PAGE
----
Seven Easy Improvements to Your Resumé


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Reviewing more than 125 resumés for MENG members during the past three years, I discovered that many could be improved easily.

These seven improvements are taken from my recent MENGinar “How to Improve Your Resumé in 60 Minutes, which is available to members at

1. Be Consistent

You must be consistent with every communication, including cover letters, bio, networking handout, and phone calls.  While these should be tailored to your audience, your positioning and personal brand must always be the same.

Note that many people are “careless” when communicating with their network, which results in miscommunications to potential employers that you’ll never hear about.

2. Be Appealing

While resumés present functional and technical capabilities and many accomplishments, the reader must also perceive you as desirable.  Therefore you need to project a positive attitude and exude some personality.

One key technique is to let others brag about you by using thoughts such as:  Selected to lead a cross functional team.  Show your promotions, awards, and how you have mentored others.  It helps to simply avoid those overused words publicized by and LinkedIn.

3. Be Memorable

The best ways to be memorable are:

    • Have a focused message (great copy strategies sell a single benefit);
    • Present a distinctive positioning; and
    • Be personable by having a little information about yourself and using some distinctive language.
    • While I recognize that this approach can be overdone, the few people who “come alive” positively in a resumé receive extra consideration.

4. Be Unique

Focus your introductory benefit statement around two to three desirable competencies that are grouped synergistically.  The competencies usually aren’t unique, but linking the combination in a way that will be beneficial to future employers should be.  On the MENG website for our members is a MENGinar on “How to Position Yourself Effectively.”

5. Learn from Newspapers

By the time you read the headline, sub head and first paragraph, you know whether you want to invest your time in reading the balance of the story.  It’s the same with a resumé.

Communicate from the top down, with the first sentence most important followed by the first paragraph then the first page.  The sale needs to be made on the top third of page one and then reinforced by the balance of the resumé.

Make your resume easy to read. The last resumé I reviewed was from a proven executive, but I literally had to force myself to read the resumé since it was visually unappealing.  The first advice I gave was to:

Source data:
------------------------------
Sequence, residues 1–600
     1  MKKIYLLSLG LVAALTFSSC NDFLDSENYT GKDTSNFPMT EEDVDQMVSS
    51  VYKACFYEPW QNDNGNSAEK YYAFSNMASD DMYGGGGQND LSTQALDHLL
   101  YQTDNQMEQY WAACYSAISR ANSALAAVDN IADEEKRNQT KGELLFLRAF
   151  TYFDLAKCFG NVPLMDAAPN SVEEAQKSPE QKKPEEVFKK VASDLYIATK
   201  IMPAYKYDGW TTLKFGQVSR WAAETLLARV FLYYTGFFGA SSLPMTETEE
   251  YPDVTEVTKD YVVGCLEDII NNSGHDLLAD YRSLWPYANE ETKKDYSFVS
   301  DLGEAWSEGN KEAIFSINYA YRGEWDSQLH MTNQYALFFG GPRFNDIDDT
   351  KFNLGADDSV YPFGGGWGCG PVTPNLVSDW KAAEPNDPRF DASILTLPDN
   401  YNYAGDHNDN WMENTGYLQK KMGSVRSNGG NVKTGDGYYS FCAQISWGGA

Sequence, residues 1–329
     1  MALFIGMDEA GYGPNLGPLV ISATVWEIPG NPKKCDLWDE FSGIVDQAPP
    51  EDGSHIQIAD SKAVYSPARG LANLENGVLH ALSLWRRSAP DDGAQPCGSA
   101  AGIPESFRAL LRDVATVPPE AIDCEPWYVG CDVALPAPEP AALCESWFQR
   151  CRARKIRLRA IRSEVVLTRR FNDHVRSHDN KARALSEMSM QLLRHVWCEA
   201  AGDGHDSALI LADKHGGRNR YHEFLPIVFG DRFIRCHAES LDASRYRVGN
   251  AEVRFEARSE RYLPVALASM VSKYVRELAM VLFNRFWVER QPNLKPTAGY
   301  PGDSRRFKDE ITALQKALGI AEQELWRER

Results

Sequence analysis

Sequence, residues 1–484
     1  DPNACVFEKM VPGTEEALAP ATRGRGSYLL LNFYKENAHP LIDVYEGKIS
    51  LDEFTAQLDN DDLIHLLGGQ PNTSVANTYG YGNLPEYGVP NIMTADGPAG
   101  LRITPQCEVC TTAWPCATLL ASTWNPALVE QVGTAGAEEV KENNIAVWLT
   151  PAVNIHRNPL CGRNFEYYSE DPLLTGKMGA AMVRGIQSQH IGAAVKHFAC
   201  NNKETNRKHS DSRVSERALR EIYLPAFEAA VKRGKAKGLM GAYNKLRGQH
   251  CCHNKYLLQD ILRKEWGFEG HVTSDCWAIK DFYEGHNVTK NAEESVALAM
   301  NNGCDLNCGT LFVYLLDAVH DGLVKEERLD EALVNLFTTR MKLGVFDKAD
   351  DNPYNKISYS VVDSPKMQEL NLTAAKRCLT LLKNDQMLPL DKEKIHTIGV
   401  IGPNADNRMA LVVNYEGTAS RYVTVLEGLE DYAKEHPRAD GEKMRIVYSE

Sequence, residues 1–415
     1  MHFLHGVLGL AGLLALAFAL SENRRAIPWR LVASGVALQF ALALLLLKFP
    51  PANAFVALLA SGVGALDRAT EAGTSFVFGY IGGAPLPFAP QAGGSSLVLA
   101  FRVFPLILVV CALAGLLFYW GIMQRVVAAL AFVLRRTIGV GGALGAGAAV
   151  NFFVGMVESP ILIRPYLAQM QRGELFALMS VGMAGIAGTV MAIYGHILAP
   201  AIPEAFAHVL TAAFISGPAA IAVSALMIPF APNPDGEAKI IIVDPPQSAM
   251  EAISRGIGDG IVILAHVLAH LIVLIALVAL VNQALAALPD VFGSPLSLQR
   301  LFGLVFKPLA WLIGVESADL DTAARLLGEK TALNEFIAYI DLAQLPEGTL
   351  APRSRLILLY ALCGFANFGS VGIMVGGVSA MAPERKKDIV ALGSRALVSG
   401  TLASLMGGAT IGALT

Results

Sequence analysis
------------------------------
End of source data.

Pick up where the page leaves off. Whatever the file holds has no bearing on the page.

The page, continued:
• Cut 20% of the words,
    • Put the most important bullets at the top of each list,
    • Cut the number of bullets per company, especially after the most recent employer,
    • Increase type size to 11 point,
    • Reduce the number of fonts to one or two,
    • Increase all four margins,
    • Limit the use of bold face and underlining (a little is fine), and
    • Use shorter paragraphs and more paragraph spacing.

6. Start Fast

Executive recruiters take about fifteen seconds to decide if they should invest time on a resumé.  Therefore, you have to sell fast using the title (what you want to do) and your positioning (why you would be outstanding and appropriate) and any key words in the top 33% of page one.

Include at least two companies or titles on this first page and, of course, never hide a well-known company at the top of page two.

7. Make the Length “Just Right”

Content drives length.  Most MENG resume reviewers believe that two to three pages are best.  I’ve also found that most resumés get better when the writer had to eliminate content, especially the mundane, obvious, and basic that “everyone” has performed earlier in their career in similar positions.

With email delivery, it’s no longer necessary to end exactly at the end of a page as long as the break is at a milestone, such as a new job or moving into the education section.

While these are just seven of the thirty-one “easy” improvements in the “How to Improve Your Resumé in 60 Minutes” MENGinar, starting with these will let you significantly improve your resumé for a job search.

About Richard Sellers

Richard is Chairman Emeritus of the Marketing Executives Networking Group, founder of Demand Marketing consulting firm, and former Sr. VP of Marketing for three multi-billion dollar companies: CEC, WLP, and Service Merchandise. His early career was at GE, P&G, Playtex, and Marketing Corporation of America. He’s also a volunteer counselor for SCORE assisting small businesses in upstate New York. You can follow his communications about marketing, job search and careers here and at mengonlineENTREPRENEURS QUESTIONS, and on Twitter at @Sellers_Richard.



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